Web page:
The European investment market continued to perform well after the previous record-breaking years. In 2016, total investment volume was around EUR 230bn, less than 10% below the record amount of the previous year. The highest transaction volume in Europe was achieved in Germany in 2016, marking a first for the country. With a total of almost EUR 60bn, Germany replaced the UK as Europe's most attractive real estate market. Germany was regarded as a ”safe haven“ in Europe due to its comparatively stable economic and political situation and the persity of its property markets.
In 2016, geopolitical tensions were greater than they have been for many years. Donald Trump, arguably the most controversial candidate in American history, gained the presidency, while the EU’s relationship with Russia and Turkey is increasingly under strain. In addition to the ongoing risk of terrorism, Europe also faces the largest wave of migration for 100 years. Last year, the British electorate voted to leave the European Union. Although the prospect of Brexit has had an impact, especially on the UK market, it has not triggered a slump in the investment market; investment is being displaced instead. A lack of alternative investment options coupled with favourable financing conditions led to continued strong demand for real estate investment.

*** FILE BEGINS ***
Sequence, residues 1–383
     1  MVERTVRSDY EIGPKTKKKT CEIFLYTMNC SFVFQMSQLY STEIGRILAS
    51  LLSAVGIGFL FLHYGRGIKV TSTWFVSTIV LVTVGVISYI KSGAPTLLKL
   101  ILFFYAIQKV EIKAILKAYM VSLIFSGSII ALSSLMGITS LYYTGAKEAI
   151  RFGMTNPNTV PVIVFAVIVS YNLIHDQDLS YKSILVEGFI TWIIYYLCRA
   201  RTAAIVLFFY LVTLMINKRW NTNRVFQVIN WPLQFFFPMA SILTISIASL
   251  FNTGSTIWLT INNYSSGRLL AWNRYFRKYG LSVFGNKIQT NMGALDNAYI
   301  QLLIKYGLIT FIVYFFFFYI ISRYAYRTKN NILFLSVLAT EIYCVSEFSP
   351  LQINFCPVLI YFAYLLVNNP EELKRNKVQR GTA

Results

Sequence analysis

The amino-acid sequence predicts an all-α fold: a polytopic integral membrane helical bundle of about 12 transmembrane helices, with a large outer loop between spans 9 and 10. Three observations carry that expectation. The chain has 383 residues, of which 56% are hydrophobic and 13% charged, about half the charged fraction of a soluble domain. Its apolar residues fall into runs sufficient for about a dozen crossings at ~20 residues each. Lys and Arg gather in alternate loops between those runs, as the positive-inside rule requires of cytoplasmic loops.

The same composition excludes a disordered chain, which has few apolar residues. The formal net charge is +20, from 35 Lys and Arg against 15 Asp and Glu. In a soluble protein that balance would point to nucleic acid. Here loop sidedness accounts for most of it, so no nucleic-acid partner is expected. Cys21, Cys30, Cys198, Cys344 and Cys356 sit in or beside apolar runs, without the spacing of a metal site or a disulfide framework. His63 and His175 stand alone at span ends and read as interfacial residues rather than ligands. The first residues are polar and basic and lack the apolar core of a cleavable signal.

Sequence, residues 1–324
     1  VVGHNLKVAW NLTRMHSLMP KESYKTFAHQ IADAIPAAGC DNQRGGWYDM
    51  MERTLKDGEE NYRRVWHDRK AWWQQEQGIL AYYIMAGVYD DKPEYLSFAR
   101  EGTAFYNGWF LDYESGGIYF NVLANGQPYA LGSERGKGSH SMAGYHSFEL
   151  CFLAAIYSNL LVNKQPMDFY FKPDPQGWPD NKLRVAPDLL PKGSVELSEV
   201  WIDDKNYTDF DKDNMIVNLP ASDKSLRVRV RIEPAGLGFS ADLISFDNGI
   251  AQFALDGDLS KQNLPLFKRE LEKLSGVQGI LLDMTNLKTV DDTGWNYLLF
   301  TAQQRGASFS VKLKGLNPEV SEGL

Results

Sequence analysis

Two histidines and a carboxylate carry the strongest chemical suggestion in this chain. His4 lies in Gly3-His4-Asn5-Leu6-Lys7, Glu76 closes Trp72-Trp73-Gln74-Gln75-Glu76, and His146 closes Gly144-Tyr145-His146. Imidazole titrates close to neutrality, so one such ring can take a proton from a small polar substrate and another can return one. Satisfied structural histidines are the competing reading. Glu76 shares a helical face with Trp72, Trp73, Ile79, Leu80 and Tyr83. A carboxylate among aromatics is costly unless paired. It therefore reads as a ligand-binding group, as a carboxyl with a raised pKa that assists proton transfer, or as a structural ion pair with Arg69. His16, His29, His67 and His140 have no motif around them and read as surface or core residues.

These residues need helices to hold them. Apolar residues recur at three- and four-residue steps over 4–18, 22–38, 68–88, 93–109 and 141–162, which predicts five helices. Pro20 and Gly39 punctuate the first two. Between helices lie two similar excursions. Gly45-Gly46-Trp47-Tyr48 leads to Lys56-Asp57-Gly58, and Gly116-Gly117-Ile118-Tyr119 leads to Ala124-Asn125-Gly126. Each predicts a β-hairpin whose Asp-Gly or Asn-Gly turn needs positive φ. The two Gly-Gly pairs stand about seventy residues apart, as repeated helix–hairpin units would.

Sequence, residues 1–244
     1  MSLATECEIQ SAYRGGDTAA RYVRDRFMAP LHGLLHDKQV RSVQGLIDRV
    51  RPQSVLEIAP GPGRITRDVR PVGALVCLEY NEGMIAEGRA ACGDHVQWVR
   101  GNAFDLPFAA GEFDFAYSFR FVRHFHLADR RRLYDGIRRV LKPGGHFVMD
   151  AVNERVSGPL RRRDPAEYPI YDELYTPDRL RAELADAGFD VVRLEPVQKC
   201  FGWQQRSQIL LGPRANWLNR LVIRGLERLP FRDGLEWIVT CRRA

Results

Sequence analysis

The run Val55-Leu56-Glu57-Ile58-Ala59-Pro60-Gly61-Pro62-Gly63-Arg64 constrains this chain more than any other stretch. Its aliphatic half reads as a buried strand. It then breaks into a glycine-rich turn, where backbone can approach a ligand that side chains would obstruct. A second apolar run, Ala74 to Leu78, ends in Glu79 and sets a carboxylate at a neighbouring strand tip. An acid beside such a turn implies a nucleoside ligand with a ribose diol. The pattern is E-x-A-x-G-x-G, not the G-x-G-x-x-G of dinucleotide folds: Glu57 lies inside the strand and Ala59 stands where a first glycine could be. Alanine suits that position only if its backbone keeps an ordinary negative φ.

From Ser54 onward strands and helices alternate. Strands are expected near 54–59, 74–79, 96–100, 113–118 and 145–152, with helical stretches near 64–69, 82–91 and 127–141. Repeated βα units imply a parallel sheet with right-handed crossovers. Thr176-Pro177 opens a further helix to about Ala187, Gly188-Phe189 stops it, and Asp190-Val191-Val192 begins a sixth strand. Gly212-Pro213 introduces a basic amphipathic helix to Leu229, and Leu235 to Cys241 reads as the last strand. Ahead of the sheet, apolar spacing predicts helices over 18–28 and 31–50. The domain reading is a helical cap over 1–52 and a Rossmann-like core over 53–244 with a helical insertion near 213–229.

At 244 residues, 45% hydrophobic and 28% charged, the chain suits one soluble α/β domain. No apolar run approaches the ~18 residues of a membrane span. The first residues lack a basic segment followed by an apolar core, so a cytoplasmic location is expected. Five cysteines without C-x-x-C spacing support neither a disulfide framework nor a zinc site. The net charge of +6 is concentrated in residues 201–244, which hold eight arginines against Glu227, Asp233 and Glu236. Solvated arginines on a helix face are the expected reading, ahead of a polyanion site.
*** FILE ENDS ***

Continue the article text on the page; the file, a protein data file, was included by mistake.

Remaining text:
A further explanation for the slight fall in investment volume compared with 2015 is that some investors were frustrated by a lack of supply. Excess demand caused the asking prices for property to rise further, as a result of which peak yields fell to record-low levels. In response, investors focused in particular on alternative asset classes such as hotels, care homes and student accommodation. Alongside the expectation of higher returns, the latter two property types have the additional advantage that they are not sensitive to the economy. Rapid re-letting is practically guaranteed, thereby minimising vacancy risk.
The new CMS European Real Estate Deal Point Study 2017 now includes more than 1,100 transactions. Compiling the study involved comparing the transactions which we advised on in the period 2010 to 2016, enabling us to highlight developments and trends.
If you are interested in receiving a copy of the full report, please get in touch with Dr Volker Zerr.